Early last week, the interim awards on Jurisdiction and Admissibility in Hulley Enterprises Limited (Cyprus) v. The Russian Federation ,Yukos Universal Limited (Isle of Man) v. The Russian Federation, and Veteran Petroleum Limited (Cyprus) v. The Russian Federation were published unilaterally by Sherman & Sterling.
Collectively, these three decisions might be thought of as Yukos v Russia – all three claimants were shells designed to hold parts of the shareholding of Yukos for the managment and staff of Yukos and all claimed for losses suffered as a result of the bankruptcy of Yukos in 2008 that was said to be caused for reasons ultimately attributable to the Russian Federation.
In large part the awards are identical, with the same issues being resolved, the same tribunal, the same counsel for each side and the same legal result.
As the first public award in relation to the otherwise high profile Yukos litigation, these naturally should and did evoke some interest from those of us who like to read 227 page arbitral awards recreationally. The Yukos litigation has a high profile internationally, sprawling as it has into multi-billion dollar claims across multiple jurisdictions all tinged by the portrayal of Mikhail Khodorkovsky in the west as a oil tycoon who made the wrong decision by opposing Vladmir Putin in domestic politics.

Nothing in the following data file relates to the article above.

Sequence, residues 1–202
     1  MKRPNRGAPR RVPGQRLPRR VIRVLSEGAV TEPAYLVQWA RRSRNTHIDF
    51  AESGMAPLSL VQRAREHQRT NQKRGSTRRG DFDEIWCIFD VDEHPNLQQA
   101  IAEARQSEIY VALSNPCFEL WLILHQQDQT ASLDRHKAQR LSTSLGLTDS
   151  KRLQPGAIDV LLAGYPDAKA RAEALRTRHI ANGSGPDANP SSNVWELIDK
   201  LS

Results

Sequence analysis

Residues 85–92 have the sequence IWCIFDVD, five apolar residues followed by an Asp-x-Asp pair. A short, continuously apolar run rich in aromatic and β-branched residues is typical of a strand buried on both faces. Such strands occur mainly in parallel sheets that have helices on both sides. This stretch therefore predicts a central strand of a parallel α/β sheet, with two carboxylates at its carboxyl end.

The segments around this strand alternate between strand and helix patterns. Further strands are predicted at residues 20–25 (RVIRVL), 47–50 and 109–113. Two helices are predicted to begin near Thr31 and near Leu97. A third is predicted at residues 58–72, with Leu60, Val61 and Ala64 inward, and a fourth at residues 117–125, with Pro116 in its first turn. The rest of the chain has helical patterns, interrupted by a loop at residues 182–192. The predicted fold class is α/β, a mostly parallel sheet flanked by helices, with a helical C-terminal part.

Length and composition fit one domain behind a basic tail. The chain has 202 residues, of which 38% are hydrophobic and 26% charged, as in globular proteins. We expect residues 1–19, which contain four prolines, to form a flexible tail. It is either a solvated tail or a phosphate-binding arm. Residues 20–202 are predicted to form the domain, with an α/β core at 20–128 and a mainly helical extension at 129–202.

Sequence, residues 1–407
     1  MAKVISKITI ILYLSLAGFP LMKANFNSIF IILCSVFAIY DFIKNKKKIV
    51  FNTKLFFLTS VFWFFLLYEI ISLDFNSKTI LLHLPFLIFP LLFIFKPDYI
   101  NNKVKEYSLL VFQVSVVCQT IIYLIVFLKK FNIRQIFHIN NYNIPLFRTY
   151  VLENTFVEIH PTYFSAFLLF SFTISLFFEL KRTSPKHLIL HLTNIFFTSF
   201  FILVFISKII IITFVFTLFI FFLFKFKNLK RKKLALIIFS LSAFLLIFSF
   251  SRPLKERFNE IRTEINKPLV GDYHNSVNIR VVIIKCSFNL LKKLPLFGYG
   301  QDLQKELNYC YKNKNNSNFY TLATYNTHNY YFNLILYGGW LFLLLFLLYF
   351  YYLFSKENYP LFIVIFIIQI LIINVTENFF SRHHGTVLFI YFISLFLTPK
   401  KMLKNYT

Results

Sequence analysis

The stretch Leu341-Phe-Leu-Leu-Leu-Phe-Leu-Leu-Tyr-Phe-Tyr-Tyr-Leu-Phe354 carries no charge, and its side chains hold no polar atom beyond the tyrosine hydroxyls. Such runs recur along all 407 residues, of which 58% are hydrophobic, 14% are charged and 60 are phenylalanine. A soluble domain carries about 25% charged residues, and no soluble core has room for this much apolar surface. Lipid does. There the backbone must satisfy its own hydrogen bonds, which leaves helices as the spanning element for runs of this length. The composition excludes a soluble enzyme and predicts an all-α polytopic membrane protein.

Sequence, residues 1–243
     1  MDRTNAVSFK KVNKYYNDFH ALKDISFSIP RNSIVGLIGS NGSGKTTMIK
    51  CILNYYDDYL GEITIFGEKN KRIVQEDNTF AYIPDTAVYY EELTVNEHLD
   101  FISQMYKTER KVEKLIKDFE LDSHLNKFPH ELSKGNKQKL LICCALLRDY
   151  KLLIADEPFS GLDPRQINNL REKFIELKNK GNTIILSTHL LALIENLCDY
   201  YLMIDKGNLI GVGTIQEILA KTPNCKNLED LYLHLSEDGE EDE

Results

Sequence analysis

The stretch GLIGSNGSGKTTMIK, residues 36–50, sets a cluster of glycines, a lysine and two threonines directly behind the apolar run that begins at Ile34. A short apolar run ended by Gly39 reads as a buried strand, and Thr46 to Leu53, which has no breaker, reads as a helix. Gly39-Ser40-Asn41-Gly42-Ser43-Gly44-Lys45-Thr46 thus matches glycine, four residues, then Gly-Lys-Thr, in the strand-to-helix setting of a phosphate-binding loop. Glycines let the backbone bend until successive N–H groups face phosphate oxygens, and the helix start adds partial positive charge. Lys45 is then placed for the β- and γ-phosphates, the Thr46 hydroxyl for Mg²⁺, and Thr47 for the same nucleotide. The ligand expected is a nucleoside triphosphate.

Having read the awards, it’s hard to find any reason to discuss them for their legal content other than to note that they exist. In large part they confirm the decision on jurisdiction in Ioannis Kardassopoulos v Georgia and confirm the familiar literal but pro-investor reading of the Energy Charter Treaty.
The utility of the decisions – if they can be really said to have any – is the minor victory that the ECT is provisionally applicable to Russia and protects investments made under the ECT until 19 October 2009 when Russia ‘s exercise of their right under Article 45 of the ECT to not be subject to the provisional application regime became effective. All existing investments will be protected for the the next 20 years. Tough luck if you wanted to get into the act after October 2009 – your best bet is that an existing BIT will be honoured instead.
Additionally, the literal language of the ECT means that the fact that Russian shareholders were using shell companies incorporated in other state parties was irrelevant as the ECT did not permit piercing the veil to look at the true ownership of the shareholding except where the companies were being used by shareholders whose states were not party to the ECT. This appears to be a rather obvious drafting flaw in the ECT – to permit nationals of the host state to incorporate abroad and then ‘re-invest’ in their home country but its been a problem known to the international investment community for a while now, and if the drafters of the ECT left it open then they have only themselves to blame especially in the light of recent rounds of negotiations that have seen some progressive amendments to the ECT (albeit focused on the Trade chapter and designed to bring it into line with the GATT).
It appears now – from what we know of the particulars of the case from the public statements of the parties and the factual background now disclosed in the awards – that the Yukos shareholders will have a relatively easy run on the final merits although of course one expects that Russia will contest this fiercely.